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India’s bank-dominated financial sector has often been in the news for wrong reasons. The nub of the problem is that sometimes financial statements of intermediaries conceal rather than reveal. The consequent delay in identifying a problem leads to crises. Different stakeholders in the system, from regulators to citizens using RTI, have tried to ensure greater transparency. However, this is an area where the needle doesn’t seem to budge despite Supreme Court interventions.
Almost six years after the Supreme Court first ruled in favour of more transparency, the issue is back at the same forum. While the final verdict will be reached in due course, there are some overarching principles at stake. First, it’s not a privacy issue. Everyone is entitled to the same level of privacy as provided by the law. What is at stake really is the nature and extent of disclosures that banks are mandated to make in larger public interest.
A bank is an intermediary. Its raw material is the deposits raised from the public. Therefore, to safeguard deposit holders and the financial system, RBI has stringent regulatory requirements. To illustrate, most NBFCs, or shadow banks, are not allowed to raise public deposits. A tool that heads off a systemic crisis is a bank’s financial statements and attendant disclosures. Sometimes, banks fail to meet prescribed standards, forcing the regulator to step in. In April 2017, RBI asked banks to make a public disclosure if the central bank’s estimate of NPAs exceeded their own beyond a threshold. This was done because there were instances when banks’ financial statements did not reflect the true picture.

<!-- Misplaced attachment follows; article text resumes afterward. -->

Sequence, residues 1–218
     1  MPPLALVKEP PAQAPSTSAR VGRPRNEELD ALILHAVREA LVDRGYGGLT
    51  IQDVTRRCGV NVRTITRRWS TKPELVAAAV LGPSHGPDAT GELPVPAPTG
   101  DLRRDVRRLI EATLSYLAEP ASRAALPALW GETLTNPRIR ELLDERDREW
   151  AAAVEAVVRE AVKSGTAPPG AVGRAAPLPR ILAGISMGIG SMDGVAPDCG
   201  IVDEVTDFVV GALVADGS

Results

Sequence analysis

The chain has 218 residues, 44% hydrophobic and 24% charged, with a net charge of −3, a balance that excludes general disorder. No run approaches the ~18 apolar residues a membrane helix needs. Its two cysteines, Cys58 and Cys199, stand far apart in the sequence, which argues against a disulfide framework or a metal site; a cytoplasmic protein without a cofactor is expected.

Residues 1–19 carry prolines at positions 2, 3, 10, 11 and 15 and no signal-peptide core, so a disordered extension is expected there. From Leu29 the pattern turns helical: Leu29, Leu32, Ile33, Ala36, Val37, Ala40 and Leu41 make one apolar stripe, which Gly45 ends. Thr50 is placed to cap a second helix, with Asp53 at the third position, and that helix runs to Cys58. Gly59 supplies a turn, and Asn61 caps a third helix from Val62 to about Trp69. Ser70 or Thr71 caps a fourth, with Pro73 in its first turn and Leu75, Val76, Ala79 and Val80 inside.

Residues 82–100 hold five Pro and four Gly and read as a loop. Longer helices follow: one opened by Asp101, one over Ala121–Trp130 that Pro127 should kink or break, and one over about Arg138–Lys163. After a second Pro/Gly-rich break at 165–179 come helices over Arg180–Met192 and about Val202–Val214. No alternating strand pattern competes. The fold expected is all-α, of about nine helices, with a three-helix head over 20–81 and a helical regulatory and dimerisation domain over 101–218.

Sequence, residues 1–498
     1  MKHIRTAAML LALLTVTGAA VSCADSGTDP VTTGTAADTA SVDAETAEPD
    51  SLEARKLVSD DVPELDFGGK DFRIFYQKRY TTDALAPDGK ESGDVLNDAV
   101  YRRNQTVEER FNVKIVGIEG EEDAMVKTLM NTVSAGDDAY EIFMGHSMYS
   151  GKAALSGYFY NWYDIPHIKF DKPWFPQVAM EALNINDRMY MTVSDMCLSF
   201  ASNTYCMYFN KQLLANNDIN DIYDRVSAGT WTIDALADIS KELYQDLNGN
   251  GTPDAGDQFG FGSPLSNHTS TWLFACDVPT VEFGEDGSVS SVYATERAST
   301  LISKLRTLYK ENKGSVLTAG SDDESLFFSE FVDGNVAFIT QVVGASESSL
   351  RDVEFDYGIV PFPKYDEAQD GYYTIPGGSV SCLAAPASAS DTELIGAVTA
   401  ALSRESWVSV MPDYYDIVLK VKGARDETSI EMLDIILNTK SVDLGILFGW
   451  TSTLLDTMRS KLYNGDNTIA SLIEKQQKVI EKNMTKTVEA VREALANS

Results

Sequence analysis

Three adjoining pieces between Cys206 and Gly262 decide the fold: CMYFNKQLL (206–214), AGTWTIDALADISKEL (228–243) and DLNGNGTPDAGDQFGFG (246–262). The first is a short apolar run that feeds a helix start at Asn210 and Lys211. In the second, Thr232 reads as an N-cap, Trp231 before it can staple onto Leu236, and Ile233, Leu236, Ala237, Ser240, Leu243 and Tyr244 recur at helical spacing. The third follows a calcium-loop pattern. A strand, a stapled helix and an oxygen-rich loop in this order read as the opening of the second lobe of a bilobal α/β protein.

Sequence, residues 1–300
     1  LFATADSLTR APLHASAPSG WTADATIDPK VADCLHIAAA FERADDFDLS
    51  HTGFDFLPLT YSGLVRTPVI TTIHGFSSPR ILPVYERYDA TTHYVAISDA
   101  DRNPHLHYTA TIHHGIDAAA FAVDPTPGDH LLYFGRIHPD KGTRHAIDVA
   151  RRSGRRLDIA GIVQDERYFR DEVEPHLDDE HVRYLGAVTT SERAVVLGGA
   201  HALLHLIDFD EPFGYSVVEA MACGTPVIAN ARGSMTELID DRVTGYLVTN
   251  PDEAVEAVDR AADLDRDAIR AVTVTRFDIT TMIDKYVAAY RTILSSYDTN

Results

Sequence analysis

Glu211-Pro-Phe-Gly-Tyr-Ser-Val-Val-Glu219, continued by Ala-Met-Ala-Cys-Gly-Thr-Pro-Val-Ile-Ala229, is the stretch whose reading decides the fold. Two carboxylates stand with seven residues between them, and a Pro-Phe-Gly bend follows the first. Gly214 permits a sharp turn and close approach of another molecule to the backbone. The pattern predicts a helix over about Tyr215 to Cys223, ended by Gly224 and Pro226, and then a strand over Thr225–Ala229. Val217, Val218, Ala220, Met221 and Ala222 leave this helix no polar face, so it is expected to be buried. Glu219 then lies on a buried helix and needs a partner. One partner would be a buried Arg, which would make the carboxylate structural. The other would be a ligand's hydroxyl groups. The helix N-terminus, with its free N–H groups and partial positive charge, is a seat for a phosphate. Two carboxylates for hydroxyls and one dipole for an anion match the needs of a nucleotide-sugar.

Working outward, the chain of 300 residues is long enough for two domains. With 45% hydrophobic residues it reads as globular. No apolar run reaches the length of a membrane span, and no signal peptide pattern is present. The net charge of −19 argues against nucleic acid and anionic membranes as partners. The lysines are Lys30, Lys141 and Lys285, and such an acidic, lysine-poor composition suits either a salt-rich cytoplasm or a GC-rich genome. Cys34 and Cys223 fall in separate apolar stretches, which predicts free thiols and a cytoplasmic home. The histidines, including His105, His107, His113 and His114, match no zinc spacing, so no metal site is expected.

Transparency norms keep evolving according to circumstances. Yes Bank’s case provides a clue. A mere six months before RBI declared a moratorium on its operations in March 2020, it was declaring a net profit. Clearly, there was a material mismatch between its financial statements and the true state of affairs. Therefore, there’s a case for the regulator to mandate more disclosures from its annual inspection report of banks without compromising on the privacy of individual accounts.
This piece appeared as an editorial opinion in the print edition of The Times of India.